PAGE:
The cover of â€œThe Japanese Art of the Cocktailâ€ gives you some idea of what making cocktails the Japanese way involves. It shows one of the authors, Masahiro Urushido, using a pick to sculpt a large ball of ice. The big, clear ice cube, usually made from molds these days, is a signature that the Japanese cocktail culture has brought to cocktails in the United States and elsewhere. Mr. Urushido, an owner of Katana Kitten, a bar in the West Village, details the precise approach the Japanese take, not just to carve the ice, but to assemble drinks. He describes his career, from low-rung beginnings as a food runner to a sought-after mixologist in Japan and New York. The book explains high-end cocktail bars in Japan and more informal izakayas; his bar blends both. Many of the bookâ€™s recipes, with long drinks and Japanese riffs on classics, are demanding; some simpler examples are the Japanese highball using frozen whiskey; the Far East Side with sake, tequila and shiso leaves; and Friday in the Park combining pear cider and vermouth (though he recommends making your own vermouth). The book, released in June, has a guide to ingredients and sources.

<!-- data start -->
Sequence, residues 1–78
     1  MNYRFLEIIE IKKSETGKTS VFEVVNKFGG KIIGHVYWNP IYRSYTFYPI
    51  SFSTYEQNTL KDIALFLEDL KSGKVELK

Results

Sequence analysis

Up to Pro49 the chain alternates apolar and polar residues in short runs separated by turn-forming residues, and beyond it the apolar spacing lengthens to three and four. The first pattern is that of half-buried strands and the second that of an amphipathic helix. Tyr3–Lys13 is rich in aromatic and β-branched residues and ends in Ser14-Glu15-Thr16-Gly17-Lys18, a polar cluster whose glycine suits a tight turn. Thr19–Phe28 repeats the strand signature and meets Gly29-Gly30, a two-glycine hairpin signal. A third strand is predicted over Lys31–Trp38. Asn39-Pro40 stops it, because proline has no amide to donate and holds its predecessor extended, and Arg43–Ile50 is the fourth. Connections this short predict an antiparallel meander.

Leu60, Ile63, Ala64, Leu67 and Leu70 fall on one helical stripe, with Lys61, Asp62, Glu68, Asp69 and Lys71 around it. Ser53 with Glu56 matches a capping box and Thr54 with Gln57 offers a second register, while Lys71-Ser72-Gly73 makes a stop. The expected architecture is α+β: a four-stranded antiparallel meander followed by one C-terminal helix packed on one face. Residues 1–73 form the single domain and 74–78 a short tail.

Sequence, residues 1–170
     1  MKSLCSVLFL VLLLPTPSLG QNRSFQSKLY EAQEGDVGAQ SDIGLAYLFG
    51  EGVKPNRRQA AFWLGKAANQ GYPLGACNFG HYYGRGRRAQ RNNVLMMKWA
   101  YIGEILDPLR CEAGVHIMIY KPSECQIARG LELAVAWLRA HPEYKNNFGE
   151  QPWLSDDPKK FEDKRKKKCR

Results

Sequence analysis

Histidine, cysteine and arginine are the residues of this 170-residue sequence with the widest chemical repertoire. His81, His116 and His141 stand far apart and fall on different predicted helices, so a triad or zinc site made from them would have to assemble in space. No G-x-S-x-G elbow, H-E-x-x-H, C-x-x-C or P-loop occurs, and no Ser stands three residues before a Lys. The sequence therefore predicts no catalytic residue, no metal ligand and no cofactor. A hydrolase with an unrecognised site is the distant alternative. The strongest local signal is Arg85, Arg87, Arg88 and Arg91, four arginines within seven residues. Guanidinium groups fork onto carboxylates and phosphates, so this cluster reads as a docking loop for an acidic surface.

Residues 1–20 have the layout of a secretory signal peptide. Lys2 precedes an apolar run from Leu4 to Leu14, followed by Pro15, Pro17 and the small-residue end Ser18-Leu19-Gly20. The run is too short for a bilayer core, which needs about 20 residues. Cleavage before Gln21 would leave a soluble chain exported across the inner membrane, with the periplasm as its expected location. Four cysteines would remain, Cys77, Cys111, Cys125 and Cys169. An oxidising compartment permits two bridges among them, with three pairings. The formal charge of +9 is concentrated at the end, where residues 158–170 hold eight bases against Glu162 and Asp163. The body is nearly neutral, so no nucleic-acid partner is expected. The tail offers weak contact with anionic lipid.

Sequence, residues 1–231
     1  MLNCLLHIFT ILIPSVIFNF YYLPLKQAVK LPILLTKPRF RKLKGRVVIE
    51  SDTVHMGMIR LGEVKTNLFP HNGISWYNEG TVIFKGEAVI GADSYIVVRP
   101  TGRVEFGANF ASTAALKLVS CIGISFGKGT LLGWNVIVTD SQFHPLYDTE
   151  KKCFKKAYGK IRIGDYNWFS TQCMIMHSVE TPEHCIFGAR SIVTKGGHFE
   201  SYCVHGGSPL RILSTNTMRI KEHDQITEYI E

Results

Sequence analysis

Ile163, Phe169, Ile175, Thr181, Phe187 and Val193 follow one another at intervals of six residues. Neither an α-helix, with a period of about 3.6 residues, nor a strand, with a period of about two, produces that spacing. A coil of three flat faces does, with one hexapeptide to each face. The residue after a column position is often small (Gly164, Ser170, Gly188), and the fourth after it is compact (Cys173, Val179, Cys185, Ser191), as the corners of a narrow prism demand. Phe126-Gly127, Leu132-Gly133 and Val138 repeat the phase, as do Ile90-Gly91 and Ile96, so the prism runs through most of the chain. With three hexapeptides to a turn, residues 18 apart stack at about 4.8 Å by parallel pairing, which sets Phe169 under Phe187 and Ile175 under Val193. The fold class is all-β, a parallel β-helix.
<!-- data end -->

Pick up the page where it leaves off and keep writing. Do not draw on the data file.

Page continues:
â€œThe Japanese Art of the Cocktail: Recipes, Tips, and Techniques from Katana Kitten in NYC and Beyondâ€ by Masahiro Urushido and Michael Anstendig (Houghton Mifflin Harcourt, $30).